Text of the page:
mpollock April 6th, 2011
WOOSTER, OH – Students in the Geology of Natural Hazards course spent a day studying the products of volcanic eruptions. Here are some of the outstanding samples in our volcanic collection:
Reticulite is a delicate network of basaltic glass that forms during Hawaiian fire fountaining. Volatiles expand easily in the low-viscosity magma, creating a dense network of interconnected vesicles separated by thin strands of quenched lava (sideromelane).
Accretionary lapilli are rounded pea-sized pieces of tephra that consist of volcanic ash. Ash aggregates into balls because of electrostatic forces in the eruption column.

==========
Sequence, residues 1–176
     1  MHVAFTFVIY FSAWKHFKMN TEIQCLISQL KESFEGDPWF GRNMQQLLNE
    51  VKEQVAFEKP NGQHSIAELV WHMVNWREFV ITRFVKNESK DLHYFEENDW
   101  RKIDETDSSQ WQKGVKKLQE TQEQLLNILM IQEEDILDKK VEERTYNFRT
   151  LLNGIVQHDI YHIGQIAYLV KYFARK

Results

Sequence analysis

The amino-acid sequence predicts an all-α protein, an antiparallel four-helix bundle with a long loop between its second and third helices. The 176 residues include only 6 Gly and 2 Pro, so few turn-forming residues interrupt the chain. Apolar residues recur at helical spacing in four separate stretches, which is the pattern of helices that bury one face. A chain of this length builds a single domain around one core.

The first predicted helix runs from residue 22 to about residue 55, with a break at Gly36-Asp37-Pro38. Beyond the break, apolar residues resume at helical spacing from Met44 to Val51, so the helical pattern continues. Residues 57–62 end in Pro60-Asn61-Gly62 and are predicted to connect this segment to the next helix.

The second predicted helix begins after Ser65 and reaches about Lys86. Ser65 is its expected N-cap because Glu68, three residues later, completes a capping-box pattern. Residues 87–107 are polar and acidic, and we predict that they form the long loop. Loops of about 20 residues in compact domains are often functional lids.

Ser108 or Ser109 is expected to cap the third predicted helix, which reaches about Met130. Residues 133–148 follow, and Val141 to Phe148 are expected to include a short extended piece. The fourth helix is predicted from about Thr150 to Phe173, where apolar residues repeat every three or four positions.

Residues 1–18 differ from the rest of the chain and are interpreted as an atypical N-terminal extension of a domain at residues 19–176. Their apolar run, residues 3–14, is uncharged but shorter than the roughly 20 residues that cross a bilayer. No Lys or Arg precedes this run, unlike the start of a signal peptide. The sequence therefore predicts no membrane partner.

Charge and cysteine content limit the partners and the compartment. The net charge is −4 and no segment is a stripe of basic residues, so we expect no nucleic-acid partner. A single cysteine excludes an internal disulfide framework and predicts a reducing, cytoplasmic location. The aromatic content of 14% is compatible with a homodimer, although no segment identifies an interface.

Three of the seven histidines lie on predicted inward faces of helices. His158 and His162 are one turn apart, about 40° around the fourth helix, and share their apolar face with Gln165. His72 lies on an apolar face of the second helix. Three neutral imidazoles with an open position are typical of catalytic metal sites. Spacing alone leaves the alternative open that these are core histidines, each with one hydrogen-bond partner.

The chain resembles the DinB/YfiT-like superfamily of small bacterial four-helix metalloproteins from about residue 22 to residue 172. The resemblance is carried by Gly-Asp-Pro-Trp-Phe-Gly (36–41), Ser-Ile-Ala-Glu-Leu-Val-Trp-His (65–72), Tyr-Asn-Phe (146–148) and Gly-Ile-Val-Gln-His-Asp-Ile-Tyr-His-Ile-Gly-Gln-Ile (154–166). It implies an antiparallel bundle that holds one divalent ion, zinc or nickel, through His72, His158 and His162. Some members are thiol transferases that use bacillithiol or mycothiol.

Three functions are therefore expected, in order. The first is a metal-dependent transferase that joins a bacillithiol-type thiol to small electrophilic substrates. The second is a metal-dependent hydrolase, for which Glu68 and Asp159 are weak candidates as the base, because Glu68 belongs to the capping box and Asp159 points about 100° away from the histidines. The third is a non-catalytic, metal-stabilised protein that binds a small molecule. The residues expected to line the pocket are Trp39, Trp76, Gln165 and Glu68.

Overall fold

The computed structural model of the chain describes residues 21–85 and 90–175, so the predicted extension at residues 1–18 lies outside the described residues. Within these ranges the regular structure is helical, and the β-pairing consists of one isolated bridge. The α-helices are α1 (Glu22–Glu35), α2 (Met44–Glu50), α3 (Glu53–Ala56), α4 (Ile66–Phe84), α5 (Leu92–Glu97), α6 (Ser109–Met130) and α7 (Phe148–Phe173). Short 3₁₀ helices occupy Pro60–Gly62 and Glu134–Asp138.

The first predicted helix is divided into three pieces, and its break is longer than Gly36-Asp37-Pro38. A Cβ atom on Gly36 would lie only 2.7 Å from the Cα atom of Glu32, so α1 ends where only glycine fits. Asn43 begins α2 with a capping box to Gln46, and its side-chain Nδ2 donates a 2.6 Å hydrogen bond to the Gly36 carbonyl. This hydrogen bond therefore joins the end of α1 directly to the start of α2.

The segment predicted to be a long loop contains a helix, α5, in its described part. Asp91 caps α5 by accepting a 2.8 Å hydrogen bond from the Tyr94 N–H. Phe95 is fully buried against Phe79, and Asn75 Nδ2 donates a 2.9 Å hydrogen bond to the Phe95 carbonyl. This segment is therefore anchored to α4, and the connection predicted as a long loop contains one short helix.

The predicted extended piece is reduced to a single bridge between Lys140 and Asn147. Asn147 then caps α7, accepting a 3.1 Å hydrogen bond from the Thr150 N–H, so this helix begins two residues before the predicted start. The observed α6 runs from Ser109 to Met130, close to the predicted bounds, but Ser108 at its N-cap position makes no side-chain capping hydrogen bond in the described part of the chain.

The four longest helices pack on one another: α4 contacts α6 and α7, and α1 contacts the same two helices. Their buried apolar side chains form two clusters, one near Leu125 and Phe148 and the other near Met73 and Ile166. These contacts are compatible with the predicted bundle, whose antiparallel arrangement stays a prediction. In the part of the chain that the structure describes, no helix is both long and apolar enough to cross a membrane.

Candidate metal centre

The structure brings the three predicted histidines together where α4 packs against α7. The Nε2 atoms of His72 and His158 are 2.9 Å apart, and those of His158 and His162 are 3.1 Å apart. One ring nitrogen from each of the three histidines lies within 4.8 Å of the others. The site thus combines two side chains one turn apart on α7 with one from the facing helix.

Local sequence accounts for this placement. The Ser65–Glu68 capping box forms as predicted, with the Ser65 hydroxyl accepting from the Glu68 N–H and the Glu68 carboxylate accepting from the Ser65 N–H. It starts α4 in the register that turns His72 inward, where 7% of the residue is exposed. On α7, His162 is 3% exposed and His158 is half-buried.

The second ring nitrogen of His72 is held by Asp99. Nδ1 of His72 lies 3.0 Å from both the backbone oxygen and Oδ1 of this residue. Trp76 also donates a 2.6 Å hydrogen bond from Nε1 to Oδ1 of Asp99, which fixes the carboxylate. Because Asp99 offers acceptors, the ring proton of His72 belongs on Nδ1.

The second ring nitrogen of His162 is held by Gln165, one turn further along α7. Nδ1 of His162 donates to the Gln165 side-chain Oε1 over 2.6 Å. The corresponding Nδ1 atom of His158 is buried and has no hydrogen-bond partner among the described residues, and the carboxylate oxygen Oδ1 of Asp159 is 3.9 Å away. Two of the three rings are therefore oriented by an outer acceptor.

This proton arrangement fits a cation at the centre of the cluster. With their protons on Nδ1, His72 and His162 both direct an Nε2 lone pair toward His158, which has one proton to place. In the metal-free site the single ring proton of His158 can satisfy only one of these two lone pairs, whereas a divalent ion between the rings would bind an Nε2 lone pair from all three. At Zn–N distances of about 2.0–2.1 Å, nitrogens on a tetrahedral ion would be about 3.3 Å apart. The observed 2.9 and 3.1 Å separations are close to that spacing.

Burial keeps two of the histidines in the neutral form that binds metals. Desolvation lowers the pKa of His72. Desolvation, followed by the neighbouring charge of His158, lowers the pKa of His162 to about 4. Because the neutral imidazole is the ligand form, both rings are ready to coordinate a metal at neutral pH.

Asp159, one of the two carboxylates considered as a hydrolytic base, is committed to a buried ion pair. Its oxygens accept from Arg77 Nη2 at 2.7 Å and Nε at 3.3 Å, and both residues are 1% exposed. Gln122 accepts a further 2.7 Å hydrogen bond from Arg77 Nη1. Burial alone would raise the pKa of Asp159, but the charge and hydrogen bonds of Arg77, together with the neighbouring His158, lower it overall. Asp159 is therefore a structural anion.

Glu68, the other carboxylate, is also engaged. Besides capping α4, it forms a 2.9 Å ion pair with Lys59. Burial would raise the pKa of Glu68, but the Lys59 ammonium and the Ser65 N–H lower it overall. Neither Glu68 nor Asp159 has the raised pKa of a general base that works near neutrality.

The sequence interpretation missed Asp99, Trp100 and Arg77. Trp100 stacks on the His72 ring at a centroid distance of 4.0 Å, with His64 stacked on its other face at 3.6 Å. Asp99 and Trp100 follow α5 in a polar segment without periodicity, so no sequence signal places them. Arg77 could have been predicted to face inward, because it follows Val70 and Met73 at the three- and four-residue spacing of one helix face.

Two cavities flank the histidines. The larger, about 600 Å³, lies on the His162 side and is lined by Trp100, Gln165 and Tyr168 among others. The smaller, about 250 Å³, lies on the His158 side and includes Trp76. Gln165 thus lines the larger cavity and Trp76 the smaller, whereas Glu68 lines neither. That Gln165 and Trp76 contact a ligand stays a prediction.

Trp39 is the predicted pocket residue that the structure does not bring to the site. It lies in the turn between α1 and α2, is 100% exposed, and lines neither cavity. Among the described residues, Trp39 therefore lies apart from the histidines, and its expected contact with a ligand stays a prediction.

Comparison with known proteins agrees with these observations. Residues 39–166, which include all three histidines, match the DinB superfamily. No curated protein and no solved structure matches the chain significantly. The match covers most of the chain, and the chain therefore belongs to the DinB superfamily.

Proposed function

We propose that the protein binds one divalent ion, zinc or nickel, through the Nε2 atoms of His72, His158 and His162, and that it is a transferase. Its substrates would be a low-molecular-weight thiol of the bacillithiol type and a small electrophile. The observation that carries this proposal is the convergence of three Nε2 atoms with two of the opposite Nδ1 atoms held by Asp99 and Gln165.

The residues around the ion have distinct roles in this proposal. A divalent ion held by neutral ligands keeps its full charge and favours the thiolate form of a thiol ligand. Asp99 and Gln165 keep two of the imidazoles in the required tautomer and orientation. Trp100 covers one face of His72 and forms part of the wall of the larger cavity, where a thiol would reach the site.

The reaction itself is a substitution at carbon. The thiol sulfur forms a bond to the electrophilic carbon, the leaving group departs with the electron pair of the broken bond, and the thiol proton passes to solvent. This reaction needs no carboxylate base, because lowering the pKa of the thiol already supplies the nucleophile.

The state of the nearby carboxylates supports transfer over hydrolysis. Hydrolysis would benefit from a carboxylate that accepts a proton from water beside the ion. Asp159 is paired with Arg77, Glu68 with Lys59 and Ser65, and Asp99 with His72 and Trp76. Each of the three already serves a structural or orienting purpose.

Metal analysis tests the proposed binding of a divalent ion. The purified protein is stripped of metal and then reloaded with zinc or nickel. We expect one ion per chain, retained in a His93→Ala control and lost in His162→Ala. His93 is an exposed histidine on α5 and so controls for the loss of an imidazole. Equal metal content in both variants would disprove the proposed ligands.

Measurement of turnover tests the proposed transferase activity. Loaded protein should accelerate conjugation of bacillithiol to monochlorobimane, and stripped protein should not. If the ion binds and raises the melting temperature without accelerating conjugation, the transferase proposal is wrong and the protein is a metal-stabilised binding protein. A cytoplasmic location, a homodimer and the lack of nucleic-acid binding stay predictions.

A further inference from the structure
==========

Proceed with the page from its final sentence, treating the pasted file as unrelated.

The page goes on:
Volcanic bombs are formed when lava is ejected and becomes airborne. The fusiform bomb has a rounded aerodynamic shape with an elongated tail, which tells us that the material was molten when it was ejected and was shaped as it traveled through the air.
The glassy surface of this basalt shows the classic ropy texture of pahoehoe. Ropy pahoehoe develops when the surface of a lava flow becomes partially solidified and wrinkles as the underlying lava continues to flow.